Dad, 51, dies of Covid after ‘needlephobia’ scared him off getting the life-saving jab


Stewart Gilray, 51, from Aberdeen, Scotland, had a lifelong fear of needles which stopped him from getting vaccinated against coronavirus

Stewart Gilray was hospitalised with Covid on December 20
Stewart Gilray was hospitalised with Covid on December 20

A high-flying games developer and father-of-two died from Covid after a lifelong fear of needles meant he was too scared to get the vaccine.

Stewart Gilray, CEO of Just Add Water development company, died on Thursday, aged 51, after contracting coronavirus in mid-December.

His devastated wife Bec Gilray, 41, is now pleading with people to overcome their fear of needles to avoid putting their lives at risk.

Tributes poured in for Mr Gilray, of Aberdeen, Scotland, who leaves behind son Elliot, 15, and three-year-old daughter Darcey.

The Scot was held in high regard for his decades-long career in the video game industry with tributes pouring in from some of its best-known figures including Doom creator John Romero, reports the Daily Record.

Stewart Gilray was hospitalised with Covid on December 20
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Image:

Daily Record)

Mr Gilray and his wife Bec, 41
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Image:

Daily Record)

Mrs Gilray said: “Stewart had a serious fear of needles. In all seriousness, in 25 years he had one blood test.

“He was fit. He could have lost a stone or two like the rest of us but he genuinely believed he was going to survive this virus because he was healthy.

“Before he was intubated he said to me ‘there’s nothing to worry about. I’m going to be fine. I just need a little rest.'”

Mr Gilray, who helped revitalise the Oddworld series, a video game adaption of Doctor Who and Sniper Elite VR, went into hospital with low oxygen levels.

The dad-of-two posted a photo of a cannula in his hand and went from using an oxygen mask to being put on a ventilator.

He wrote: “I’m not doing that great. The amount of oxygen they have me on to keep me over the magic 95% is the maximum.

“For those that know me well enough know I hate needles. This picture shows what I’m going through right now to fight this.”

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When Mr Gilray was first admitted, the virus seized upon a previously undiagnosed lung condition that scarred his lungs and robbed him of his ability to breathe on his own.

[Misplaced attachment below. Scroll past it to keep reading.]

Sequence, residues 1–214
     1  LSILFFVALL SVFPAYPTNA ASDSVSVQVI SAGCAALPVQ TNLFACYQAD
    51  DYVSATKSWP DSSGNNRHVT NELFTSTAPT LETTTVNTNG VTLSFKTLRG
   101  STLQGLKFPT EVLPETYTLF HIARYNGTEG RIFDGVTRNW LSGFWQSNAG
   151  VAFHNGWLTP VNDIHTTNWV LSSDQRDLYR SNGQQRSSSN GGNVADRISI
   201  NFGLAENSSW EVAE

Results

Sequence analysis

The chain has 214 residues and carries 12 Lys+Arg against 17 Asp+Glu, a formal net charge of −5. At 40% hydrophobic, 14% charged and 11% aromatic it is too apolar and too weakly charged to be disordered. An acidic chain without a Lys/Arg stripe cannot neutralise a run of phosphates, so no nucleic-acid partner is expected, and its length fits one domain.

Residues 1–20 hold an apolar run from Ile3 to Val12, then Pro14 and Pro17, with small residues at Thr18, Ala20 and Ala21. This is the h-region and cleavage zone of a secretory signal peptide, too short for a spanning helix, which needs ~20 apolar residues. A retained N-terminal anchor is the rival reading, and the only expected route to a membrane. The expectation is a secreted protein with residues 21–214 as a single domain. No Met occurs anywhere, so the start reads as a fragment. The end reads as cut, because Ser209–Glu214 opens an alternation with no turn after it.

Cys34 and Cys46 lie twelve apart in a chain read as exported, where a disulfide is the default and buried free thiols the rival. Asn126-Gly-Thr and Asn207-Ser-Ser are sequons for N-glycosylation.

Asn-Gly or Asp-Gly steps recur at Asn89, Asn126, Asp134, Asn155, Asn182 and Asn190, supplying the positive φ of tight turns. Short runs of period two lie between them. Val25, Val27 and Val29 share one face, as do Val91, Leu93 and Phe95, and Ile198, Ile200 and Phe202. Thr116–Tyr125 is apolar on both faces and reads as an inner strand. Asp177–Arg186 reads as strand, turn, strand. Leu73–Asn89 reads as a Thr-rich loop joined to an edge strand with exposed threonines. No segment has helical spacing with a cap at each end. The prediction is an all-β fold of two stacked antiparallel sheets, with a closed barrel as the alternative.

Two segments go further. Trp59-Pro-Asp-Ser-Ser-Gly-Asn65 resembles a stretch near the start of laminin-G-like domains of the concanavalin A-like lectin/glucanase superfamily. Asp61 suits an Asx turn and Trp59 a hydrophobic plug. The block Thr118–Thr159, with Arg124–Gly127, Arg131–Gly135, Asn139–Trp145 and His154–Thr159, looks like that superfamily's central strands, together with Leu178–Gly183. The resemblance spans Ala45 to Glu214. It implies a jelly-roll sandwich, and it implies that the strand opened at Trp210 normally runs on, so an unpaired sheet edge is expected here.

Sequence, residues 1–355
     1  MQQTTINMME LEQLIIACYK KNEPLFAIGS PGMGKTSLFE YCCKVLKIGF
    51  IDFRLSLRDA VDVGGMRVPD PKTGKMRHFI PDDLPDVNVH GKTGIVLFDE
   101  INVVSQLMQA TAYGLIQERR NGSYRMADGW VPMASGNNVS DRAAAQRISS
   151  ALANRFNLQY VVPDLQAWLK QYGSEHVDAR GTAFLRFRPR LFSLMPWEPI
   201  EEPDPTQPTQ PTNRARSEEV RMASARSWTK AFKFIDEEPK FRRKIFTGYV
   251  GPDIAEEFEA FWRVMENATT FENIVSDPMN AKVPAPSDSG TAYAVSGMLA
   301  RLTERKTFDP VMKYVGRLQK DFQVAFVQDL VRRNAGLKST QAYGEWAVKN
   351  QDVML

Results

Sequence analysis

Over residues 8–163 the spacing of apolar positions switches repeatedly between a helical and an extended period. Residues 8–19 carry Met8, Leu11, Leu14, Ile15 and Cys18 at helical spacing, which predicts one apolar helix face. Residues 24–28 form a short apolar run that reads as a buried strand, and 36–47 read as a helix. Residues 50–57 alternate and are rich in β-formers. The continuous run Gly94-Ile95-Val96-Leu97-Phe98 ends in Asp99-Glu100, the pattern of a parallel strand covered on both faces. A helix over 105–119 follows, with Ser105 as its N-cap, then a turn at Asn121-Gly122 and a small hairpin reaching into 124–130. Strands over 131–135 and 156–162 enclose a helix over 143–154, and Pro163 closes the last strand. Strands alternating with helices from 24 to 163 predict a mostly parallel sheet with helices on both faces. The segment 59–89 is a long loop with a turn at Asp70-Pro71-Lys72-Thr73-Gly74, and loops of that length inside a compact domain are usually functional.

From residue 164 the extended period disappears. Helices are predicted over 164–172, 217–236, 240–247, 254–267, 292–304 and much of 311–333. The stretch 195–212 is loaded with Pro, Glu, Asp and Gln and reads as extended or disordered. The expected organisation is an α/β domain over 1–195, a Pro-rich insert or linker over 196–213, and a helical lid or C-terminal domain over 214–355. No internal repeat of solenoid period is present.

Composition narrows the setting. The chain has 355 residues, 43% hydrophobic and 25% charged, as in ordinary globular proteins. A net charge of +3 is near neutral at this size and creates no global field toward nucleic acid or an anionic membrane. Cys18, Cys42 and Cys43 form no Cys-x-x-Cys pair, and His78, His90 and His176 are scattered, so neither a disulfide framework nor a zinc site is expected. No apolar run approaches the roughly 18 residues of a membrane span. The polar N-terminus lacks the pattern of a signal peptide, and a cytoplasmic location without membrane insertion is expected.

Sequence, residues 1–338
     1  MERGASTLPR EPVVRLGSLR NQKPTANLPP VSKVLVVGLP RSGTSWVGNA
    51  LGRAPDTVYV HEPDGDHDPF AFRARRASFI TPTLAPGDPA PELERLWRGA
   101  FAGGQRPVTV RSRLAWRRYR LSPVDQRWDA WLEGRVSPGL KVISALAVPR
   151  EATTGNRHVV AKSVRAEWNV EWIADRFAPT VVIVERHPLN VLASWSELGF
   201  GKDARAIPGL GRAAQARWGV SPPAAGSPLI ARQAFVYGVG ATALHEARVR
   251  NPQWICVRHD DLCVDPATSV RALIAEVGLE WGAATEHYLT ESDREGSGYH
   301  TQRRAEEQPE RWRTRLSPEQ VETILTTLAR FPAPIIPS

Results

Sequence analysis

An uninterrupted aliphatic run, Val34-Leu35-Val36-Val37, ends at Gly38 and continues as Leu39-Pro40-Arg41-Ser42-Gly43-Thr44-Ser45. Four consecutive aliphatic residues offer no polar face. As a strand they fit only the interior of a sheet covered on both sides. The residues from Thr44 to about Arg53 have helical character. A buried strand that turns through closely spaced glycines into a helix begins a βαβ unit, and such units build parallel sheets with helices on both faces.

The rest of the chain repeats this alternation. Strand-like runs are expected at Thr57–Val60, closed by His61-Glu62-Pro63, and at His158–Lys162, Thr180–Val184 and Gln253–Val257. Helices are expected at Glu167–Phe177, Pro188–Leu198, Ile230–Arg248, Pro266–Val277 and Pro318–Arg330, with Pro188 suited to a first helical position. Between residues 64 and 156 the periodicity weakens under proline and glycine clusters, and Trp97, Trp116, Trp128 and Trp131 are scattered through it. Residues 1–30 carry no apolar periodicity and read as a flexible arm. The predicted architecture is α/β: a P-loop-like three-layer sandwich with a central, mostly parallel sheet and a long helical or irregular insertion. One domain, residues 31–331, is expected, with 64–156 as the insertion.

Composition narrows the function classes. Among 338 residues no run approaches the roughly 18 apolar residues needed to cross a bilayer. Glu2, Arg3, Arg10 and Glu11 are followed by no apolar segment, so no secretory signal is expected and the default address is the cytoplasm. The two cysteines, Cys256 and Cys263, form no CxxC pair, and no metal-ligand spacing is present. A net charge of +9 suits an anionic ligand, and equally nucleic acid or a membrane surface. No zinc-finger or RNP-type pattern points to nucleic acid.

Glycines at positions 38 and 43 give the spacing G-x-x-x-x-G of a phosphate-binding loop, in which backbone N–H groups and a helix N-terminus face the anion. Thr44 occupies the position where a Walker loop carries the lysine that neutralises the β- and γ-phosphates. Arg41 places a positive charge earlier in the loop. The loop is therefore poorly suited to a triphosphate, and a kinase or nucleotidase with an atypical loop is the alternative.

His condition rapidly declined as Covid took hold and he was eventually put into an induced coma.

Mrs Gilray said doctors told her that his lung condition may have affected his chances of survival and she is pleading with others to get vaccinated in spite of any fears they have.

“I would not wish this on anyone, it’s horrendous,” she said.

“Stewart was the most generous person and had no qualms about helping anybody.

“He was dedicated to our kids, he loved his life, he loved what we had and what he built in his business.

“He wanted to retire early and spend more time with us, to be with the kids more. He had all these plans and Covid got him. Please, just get vaccinated.”

Mr Gilray picked up qualifications from the Aberdeen College of Commerce in the late 80s and went on to work as a freelance games programmer for big 90s names including Psygnosis ltd, Bullfrog and Argonaut.

He then moved to Didcot to work for publisher 21st Century Entertainment and met Mrs Gilray who worked at a Chinese takeaway.

Mrs Gilray said the pair never spent more than a few days apart in their 25-year partnership.

In one of his final posts on social media, Mr Gilray wrote: “Well, for those that don’t know yet, early last week I, and the rest of the family, tested positive for the old Covid.

“The kids have been fine for the most part but Bec and I have been hit the most, although judging from her own post on this subject she says I have and tbh she’s likely not wrong.”

His heartbreaking post was accompanied with a photo of him hooked up to an oxygen mask.

Paying tribute on Twitter, friend fellow developer Romero said: “It’s hard to believe he’s gone.

“Stewart Gilray was a good friend and always there whenever anyone needed him, including me.

“He was one of the good ones. I’m grateful for our friendship and thinking of his wife Bec, kids and many friends he’s left behind.”

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www.mirror.co.uk

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George Holan

George Holan is chief editor at Plainsmen Post and has articles published in many notable publications in the last decade.

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